Please Lock Me in a Haunted House With Kesha

She's doing press for her new supernatural TV show, and all I want is a front-row seat to her spooky adventures.

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Please Lock Me in a Haunted House With Kesha
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Kesha is in her supernatural era, doing press for her upcoming Discovery Plus series, Conjuring Kesha, and she’s discussing all the important topics, like: Is Big Foot out there? Are demons tricksters? Do ghosts have buttholes?

On Wednesday, Kesha revealed to Andy Cohen on his SiriusXM show that when she’s on the road, she makes her crew stay in haunted houses. “The band and dancers are like, ‘Let’s stay at the W,’ and I’m like, ‘Nope, we’re going to Amarillo, Texas, and we’re staying in a haunted whorehouse, and they’re like, ‘You’re such a bitch.’” A spooky bitch!

Since “Tik Tok” (the song, not the app, for any under-30s on here) first came out when I was in college—preceding the three years I spent believing I was Kesha—I have been a loyal fan. I’m not a backup dancer or member of her band, but I’ve seen her in concert multiple times and I know her entire discography…so I think I have a pretty good idea of what it would be like to spend a night in haunted house with her. “The creepy and unexplainable is what keeps life magic,” she told Entertainment Weekly. “So let’s talk about it.” Let’s!

First, we arrive—my ideal location would be a haunted beach house somewhere warm—and we walk through the door singing “We R Who We R,” Kesha’s 2010 masterpiece that begins with the lyrics “Hot and dangerous/If you’re one of us, then roll with us,” which would let the ghosts know that we’re friendly and fun. (Before you ask, “TikTok” is too obvious to be our entrance song.)

At some point, Kesha will inevitably bring up that she’s had sex with a ghost. The ghosts and I roll our eyes and say, “Kesha you’ve told this story a million times.” But we let her tell it again. “I don’t know his name! He was a ghost!” she says—which is exactly what she told Ryan Seacrest in 2012. She asks me if I’ve ever had sex with a ghost, and I say no. Then she asks me if I ever would, and I say definitely not now that Roe v. Wade is overturned. We belt out “Praying” in dishonor of the Supreme Court, and a few ghosts and one demon leave to go haunt them forever.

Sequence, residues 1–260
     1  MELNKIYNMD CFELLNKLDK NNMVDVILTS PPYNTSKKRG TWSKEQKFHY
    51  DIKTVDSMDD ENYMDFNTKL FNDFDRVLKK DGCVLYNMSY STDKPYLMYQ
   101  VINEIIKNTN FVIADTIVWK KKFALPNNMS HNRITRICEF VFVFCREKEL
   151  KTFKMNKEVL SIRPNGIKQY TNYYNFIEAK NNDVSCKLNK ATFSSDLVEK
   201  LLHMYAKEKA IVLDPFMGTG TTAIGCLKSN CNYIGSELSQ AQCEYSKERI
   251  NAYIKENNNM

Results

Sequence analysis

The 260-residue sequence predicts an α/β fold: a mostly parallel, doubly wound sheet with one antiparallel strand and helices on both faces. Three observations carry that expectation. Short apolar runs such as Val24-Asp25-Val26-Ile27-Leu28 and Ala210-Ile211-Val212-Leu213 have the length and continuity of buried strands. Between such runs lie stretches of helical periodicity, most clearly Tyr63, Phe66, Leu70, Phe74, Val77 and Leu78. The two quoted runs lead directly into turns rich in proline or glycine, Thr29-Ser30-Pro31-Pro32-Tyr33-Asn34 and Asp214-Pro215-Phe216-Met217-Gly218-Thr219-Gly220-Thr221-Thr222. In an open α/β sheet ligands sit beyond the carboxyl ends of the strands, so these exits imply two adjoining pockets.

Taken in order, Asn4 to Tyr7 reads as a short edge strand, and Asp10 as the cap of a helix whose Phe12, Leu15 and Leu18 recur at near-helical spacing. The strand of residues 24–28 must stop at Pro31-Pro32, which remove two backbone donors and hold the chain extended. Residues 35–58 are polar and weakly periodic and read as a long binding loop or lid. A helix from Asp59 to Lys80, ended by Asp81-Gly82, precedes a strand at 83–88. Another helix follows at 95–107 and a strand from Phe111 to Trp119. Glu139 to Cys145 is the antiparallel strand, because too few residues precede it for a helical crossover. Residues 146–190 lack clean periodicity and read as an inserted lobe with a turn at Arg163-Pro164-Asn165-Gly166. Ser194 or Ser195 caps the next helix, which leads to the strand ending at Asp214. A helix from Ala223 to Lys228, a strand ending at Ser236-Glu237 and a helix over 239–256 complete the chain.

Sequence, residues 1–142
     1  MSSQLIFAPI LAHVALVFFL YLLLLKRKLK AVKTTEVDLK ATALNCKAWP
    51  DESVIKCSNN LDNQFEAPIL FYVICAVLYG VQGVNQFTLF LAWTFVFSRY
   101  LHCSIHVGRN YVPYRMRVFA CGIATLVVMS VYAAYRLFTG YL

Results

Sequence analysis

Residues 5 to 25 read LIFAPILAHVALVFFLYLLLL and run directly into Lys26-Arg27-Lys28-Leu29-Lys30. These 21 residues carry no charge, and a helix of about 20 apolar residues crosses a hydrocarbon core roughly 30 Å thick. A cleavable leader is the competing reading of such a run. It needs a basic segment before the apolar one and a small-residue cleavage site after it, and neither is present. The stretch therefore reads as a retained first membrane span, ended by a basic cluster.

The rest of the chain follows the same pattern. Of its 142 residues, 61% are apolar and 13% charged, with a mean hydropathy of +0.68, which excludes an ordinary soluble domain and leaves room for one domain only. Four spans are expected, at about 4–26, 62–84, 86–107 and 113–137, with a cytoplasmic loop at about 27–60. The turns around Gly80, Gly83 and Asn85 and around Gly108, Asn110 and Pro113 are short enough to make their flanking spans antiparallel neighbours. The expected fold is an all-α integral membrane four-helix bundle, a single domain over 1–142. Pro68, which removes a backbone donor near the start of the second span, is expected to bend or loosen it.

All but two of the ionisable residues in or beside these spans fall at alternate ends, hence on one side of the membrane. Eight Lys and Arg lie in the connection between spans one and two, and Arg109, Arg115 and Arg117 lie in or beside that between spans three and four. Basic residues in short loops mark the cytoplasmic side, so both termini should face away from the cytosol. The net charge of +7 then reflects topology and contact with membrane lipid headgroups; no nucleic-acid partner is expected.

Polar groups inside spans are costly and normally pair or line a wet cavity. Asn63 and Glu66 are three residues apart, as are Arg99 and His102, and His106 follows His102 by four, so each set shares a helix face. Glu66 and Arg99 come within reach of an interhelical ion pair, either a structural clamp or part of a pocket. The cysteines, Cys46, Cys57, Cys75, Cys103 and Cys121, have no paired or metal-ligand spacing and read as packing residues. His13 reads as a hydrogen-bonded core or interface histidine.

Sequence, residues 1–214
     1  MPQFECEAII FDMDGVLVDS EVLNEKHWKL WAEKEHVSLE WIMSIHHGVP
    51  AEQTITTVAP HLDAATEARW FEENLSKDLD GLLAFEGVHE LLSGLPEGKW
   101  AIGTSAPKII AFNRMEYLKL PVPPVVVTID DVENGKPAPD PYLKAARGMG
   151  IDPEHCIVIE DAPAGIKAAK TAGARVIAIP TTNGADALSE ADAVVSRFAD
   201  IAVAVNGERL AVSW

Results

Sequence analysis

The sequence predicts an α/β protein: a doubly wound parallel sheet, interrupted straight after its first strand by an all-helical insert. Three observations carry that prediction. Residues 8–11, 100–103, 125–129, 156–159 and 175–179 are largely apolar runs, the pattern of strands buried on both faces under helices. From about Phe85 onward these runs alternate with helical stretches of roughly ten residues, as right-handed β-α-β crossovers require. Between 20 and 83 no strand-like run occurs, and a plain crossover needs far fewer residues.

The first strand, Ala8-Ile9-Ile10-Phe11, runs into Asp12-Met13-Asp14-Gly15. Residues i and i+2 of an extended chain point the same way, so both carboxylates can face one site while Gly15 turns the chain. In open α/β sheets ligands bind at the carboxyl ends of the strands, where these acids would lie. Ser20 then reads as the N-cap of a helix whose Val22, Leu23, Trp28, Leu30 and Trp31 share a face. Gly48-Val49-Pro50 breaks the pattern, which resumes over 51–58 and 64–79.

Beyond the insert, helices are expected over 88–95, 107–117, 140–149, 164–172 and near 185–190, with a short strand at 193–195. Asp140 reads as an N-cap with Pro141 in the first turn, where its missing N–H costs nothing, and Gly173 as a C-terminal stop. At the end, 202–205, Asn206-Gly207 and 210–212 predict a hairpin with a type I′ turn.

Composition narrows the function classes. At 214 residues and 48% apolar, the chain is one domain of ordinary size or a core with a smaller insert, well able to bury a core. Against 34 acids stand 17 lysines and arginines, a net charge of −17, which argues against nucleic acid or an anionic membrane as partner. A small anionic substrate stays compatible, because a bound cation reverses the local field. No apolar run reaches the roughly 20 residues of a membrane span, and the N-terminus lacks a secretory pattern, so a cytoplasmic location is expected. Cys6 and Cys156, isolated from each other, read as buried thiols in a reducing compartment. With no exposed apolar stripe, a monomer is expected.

Finally, after a long night of befriending spirits, therapizing demons, and solidifying a best friendship with Kesha, her backup dancers agree that it’s time to teach me some choreography. I demand we learn a dance to “C’Mon,” Kesha’s most underrated banger from her 2012 album Warrior. The ghosts are terrible at dancing: They don’t have skeletons or muscles or rhythm. After performing the dance to an audience of spirits, aliens, and beings from parallel universes, we sing “Raising Hell” as the sun comes up. (The demons do not like this song; they find it offensive.) I return home covered in glitter, feathers, and a faint glow from having danced with Kesha (and some ghosts).

During her interview with Cohen, Kesha said, “My dancers have been with me for 12 years, honey, if they did not like it, they could have gone. They love it because I’m a crazy motherfucker.”

That’s why I love her too. Plus, her haunted house talk has inspired me to subscribe to—of all streaming platforms—Discovery Plus. Good for them. Kesha told Seth Meyers on Wednesday that she was inspired to make Conjuring Kesha after she went crazy during covid, saying there was one specific night when her cat brought her headphones and she saw a vision: “I understood what love was, I saw the whole universe, I pulled back, it was a microcosm of itself,” she told Meyers. “I got the picture.” Sounds more like really good shrooms, but I’m still on board.

Kesha, call me for Season 2. I need to know if ghosts have buttholes.

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